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Publication numberUS20090094054 A1
Publication typeApplication
Application numberUS 11/938,087
Publication dateApr 9, 2009
Filing dateNov 9, 2007
Priority dateJul 10, 2006
Also published asUS8190464, US8458001, US8655699, US20080306781, US20120271674, US20140236631
Publication number11938087, 938087, US 2009/0094054 A1, US 2009/094054 A1, US 20090094054 A1, US 20090094054A1, US 2009094054 A1, US 2009094054A1, US-A1-20090094054, US-A1-2009094054, US2009/0094054A1, US2009/094054A1, US20090094054 A1, US20090094054A1, US2009094054 A1, US2009094054A1
InventorsBrian William Perrin, Brett Cornell Gerlach
Original AssigneeBrevium, Inc
Export CitationBiBTeX, EndNote, RefMan
External Links: USPTO, USPTO Assignment, Espacenet
Method and apparatus for identifying patients overdue for an appointment using standard healthcare billing data
US 20090094054 A1
Abstract
A method and apparatus for identifying overdue patients using standard billing or other office management data, so that patients can be contacted and invited to make an appointment. The invention begins by querying the diagnosis codes for each visit from the billing or other encounter tables, and matching these with a set of target medical conditions requiring regular care. Procedure codes and encounter dates for past visits are queried for these patients, to determine when each patient was last seen, and what was done. These procedure codes are matched against a set of exam codes to determine last medical examination dates, and against a set of procedures known to resolve each medical condition. Each condition requiring regular care is matched against any resolving procedures, leaving a set of untreated conditions requiring regular care. Based on the date of the last exam or treatment and accepted standards of care or office policies, a due date is calculated for each patient. The management system is queried for each overdue patient to determine whether they already have an appointment scheduled in the future, or a recall notice recently sent or yet to be sent. Additional filtering based on administrative settings may also be done. Overdue patients requiring contact are then placed on the contact list.
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Claims(22)
1. A computerized method for identifying patients who are due for care so that those patients can be personally contacted by staff at a health care facility, comprising:
automatically identifying, using billing or other encounter data from a computerized medical or dental office management system, patients with conditions requiring regular care;
automatically determining the most recent date of treatment using billing or other encounter data from the database;
automatically identifying patients who are due for care by comparing expected visit intervals for each condition with the time since last treatment, and storing these in a contact list;
automatically identifying patients who already have appointments or who will receive reminders to call for an appointment and removing these from the contact list;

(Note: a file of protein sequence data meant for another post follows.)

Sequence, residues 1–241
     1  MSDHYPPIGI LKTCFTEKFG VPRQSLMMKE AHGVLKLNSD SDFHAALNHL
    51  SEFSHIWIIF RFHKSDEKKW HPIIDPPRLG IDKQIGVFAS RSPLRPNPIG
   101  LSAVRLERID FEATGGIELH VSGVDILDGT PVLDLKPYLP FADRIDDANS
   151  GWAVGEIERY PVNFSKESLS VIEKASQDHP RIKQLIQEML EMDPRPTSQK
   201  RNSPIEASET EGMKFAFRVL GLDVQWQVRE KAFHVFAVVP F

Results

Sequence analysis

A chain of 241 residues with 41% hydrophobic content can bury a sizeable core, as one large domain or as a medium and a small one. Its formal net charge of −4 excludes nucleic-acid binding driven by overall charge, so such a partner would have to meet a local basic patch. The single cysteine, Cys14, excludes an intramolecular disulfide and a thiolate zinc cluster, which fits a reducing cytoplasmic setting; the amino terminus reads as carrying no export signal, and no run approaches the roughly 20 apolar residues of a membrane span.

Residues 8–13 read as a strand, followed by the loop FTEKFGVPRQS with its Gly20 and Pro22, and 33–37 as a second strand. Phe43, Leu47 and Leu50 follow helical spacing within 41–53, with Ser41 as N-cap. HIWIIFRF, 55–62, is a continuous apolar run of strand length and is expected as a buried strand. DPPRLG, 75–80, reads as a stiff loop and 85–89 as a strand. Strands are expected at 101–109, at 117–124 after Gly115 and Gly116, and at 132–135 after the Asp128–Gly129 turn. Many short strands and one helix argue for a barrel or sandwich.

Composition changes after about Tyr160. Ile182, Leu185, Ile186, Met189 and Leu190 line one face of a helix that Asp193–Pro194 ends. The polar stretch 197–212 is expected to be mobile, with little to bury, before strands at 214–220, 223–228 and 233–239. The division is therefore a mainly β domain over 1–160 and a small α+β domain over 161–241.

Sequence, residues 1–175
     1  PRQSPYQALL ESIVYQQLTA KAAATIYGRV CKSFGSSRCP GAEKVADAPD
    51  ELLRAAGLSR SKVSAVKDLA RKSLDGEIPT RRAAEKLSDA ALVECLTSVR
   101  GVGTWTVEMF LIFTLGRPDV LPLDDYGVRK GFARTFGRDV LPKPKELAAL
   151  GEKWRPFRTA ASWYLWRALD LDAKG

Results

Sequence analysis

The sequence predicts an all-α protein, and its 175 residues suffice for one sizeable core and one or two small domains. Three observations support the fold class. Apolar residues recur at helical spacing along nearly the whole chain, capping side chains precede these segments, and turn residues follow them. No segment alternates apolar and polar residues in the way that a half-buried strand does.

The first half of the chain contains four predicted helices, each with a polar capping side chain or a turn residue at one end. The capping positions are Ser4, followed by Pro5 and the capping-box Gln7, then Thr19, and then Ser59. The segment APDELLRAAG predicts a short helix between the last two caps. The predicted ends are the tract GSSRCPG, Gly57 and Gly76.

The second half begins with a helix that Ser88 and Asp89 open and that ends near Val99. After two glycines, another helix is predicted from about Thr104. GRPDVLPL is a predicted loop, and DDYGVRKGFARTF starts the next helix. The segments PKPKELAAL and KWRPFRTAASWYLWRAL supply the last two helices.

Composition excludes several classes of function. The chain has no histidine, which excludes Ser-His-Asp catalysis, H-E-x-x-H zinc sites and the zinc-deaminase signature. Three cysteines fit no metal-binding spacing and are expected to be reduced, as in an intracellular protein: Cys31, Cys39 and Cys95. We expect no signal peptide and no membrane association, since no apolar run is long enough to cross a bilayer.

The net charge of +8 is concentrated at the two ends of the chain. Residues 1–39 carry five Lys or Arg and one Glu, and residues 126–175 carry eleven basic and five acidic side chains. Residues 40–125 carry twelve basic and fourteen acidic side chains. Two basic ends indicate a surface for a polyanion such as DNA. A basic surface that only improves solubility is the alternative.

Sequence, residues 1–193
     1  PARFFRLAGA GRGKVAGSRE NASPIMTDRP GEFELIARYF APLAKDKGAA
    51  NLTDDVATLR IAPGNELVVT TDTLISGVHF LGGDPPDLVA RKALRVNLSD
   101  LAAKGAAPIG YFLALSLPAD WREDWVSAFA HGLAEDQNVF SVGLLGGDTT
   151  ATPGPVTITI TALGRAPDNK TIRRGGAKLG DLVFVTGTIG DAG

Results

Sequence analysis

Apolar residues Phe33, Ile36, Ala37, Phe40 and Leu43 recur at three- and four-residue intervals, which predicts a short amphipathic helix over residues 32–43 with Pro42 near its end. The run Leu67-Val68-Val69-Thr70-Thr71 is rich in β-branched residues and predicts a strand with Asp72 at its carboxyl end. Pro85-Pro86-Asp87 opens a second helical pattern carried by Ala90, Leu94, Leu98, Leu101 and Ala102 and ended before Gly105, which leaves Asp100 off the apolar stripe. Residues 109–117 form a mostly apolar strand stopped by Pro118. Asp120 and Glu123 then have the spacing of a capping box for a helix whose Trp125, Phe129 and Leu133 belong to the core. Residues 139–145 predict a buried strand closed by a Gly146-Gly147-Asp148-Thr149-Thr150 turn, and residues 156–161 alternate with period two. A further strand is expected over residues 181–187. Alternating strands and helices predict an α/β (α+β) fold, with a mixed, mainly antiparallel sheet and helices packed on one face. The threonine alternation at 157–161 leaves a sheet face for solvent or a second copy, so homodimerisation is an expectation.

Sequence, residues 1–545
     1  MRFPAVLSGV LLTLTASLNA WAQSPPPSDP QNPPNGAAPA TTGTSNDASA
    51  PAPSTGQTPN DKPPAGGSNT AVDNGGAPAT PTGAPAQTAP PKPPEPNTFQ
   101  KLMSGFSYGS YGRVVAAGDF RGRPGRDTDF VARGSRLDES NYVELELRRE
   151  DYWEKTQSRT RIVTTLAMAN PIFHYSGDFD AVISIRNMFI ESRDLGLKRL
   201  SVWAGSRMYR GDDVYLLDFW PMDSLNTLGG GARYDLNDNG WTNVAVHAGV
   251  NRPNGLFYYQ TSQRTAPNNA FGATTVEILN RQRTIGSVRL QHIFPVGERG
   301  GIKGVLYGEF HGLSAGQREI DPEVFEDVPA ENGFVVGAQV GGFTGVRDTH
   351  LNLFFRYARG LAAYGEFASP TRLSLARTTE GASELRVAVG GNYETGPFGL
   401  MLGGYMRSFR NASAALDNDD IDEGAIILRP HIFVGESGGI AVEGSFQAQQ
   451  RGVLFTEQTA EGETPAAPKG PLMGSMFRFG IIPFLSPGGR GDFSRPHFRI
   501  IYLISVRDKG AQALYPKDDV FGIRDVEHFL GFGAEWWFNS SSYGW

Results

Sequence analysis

displaying patient information to an operator, the patient information including at least the patient's name, telephone number, and reason why the patient is due for care;
contacting the patients by the operator; and
scheduling an appointment for healthcare while the patient is on the telephone.
2. The method of claim 1 in which scheduling an appointment includes transferring the call to a scheduler.
3. The method of claim 1 further comprising displaying a screen that the operator can use to record the results of the contact.
4. The method of claim 1 further comprising removing the patient from the contact list.
5. A computerized method for identifying patients who are due for care so that those patients can be personally contact by staff at a health care facility, comprising:
automatically identifying, using billing or other encounter data from a computerized medical office management system, patients with conditions requiring regular care;
automatically determining the most recent date of treatment using billing or other encounter data from the database;
automatically identifying patients who are due for care by comparing expected visit intervals for each condition with the time since last treatment, and storing these in a contact list;
automatically identifying patients who already have appointments or who will receive reminders to call for an appointment and removing these from the contact list;
displaying patient information to an operator, the patient information including at least the patient's name, telephone number, and reason why the patient is due for care;
attempting to contact the patient by the operator;
displaying to the operator a computer screen having fields in which to enter contact results; and
automatically determining from the contact results whether to schedule a follow-up telephone call.
6. The method of claim 5 further comprising displaying a screen that the operator can use to record the results of the contact.
7. The method of claim 5 in which contacting the patient includes receiving information indicating that the patient is not to be contacted and further comprising removing the patient from the contact list.
8. The method of claim 5 in which contacting the patient includes receiving information indicating that the patient has a different telephone number and further comprising attempting to contact the patient using the new telephone number and recording the telephone number in the office database.
9. A computerized method for identifying and attempting to contact patients who are due for care, comprising:
automatically identifying, using billing or other encounter data from a computerized medical office management system, patients with conditions requiring regular care;
automatically determining the most recent date of treatment using billing or other encounter data from the database;
automatically identifying patients who are due for care by comparing expected visit intervals for each condition with the time since last treatment, and storing these in a contact list;